So often on a lunch date with a friend or loved one, as soon as we are seated, we cradle the other object of our affection in our hands and painstakingly lay it down next to our plate.
The gesture may provoke a quick, guilty explanation – work or kids are the usual culprits. We know it’s an intrusion but a necessary evil. We certainly won’t answer to chitchat with just anyone. We will apologize if we need to be diverted by someone with needs more pressing than our present company.
Manners, you know.
And when we manage to abstain from casting a wayward eye for the entirety of a meal, when we refuse to be lured away despite being beckoned, we may feel a muted sense of pride. It is a modern accomplishment to pay undivided attention to a single person for an entire hour. There are plenty who have not managed this feat in some time.
But before we get too pleased with ourselves, consider that the mere presence of the phone during the conversation lessens the experience. Not the annoying interruption by an urgent call, or the reply to a text or the sneaked check of Instagram. According to new research, the mere presence of a mobile device visible to both parties changes the nature of the social interaction.
Shalini Misra, lead author of a 2014 study published in the journal Environment and Behavior, examined the smartphone effect on the quality of social interactions.
The researchers designed a study in which they approached 100 pairs of people entering coffee shops, and asked if they wanted to participate in a 10-minute study about conversations. The two participants were assigned to have either a casual conversation on the topic of plastic holiday trees or a meaningful conversation about important events in their lives from the past year.
The participants were unaware they were being watched during the conversation, and their verbal and nonverbal interactions noted. Afterward, they answered a survey about how empathetic and connected they felt toward the other person and their pre-existing level of closeness.
The experiment found that people who placed a mobile device on the table during the conversation had lower levels of connectedness and empathy toward the conversation partner. Both people in the pair experienced less connectedness. People who reported being closer to one another were more disrupted by the presence of the cellphone than those with a more casual relationship. The topic of the conversation, whether superficial or deep, did not have any significant impact on the results.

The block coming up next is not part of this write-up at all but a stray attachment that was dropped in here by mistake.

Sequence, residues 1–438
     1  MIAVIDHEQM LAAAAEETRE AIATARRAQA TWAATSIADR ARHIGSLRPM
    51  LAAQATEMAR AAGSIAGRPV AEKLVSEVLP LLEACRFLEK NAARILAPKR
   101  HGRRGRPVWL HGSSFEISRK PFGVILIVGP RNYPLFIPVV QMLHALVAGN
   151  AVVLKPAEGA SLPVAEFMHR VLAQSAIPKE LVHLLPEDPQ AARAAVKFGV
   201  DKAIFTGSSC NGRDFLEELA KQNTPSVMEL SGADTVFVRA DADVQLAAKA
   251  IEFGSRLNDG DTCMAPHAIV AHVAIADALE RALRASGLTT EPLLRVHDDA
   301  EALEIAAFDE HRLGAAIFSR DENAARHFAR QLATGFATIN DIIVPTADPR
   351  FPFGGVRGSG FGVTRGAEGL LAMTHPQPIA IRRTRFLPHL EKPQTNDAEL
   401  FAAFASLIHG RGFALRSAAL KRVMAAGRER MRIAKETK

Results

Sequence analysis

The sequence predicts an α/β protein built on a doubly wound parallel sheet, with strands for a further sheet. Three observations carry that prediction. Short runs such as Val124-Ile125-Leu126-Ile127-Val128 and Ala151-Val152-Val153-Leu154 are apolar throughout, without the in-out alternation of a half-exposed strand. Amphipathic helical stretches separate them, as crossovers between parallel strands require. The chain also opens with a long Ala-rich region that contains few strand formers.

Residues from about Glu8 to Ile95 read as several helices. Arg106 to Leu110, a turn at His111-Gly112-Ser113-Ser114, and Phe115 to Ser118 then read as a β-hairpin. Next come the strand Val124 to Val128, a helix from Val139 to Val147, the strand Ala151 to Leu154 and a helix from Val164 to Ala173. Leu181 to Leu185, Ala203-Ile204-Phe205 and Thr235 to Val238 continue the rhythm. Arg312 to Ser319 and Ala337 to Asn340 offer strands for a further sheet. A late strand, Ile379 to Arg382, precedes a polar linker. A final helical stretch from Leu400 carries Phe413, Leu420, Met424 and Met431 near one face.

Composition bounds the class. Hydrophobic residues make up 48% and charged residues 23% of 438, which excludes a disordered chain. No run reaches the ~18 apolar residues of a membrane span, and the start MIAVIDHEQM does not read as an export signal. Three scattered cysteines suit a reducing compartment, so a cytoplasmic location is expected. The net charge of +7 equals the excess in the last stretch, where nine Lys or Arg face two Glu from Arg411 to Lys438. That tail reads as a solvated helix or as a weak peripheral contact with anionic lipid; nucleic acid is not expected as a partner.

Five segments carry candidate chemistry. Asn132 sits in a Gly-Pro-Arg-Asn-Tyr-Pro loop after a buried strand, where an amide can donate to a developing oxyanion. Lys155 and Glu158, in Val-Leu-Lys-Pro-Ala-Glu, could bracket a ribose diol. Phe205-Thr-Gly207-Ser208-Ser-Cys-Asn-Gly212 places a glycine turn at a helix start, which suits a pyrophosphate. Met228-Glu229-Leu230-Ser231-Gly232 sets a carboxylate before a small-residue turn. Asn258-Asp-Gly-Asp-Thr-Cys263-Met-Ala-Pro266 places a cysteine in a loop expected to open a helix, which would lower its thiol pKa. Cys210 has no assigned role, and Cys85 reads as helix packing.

Misra, an assistant professor in the School of Public and International Affairs at Virginia Tech University, says the modern mobile device is a symbol of our social networks and contacts. In this digital age, we are constantly in a “poly-conscious” state, she said, in which the person in front of us does not necessarily take precedence over the contacts to whom we are digitally connected.
“A few years ago, people who were in front of you took your attention, as opposed to those who were far away,” she said.
While it may be surprising that one does not actually need to use a mobile device for its presence to be disruptive, it’s less surprising that the closer the relationship, the more disrupted the conversation by the presence of a phone.
“We are socialized to expect focused attention from the people we care about the most,” Misra said. Any parent who has tried to communicate with a child enraptured by a mobile device has felt that frustration. Perhaps many children have felt the same sense of playing second fiddle when a parent is easily distracted by a device.
“Refrain from the constant urge to be plugged into the flow of information if you really want empathy” from your interactions, Misra advised.
After all, it can feel terrible to compete with an inanimate object, a symbol of everything and everyone more compelling than us. It feels even worse to lose.
Aisha Sultan is a St. Louis-based journalist who studies parenting in the digital age. On Twitter: @AishaS.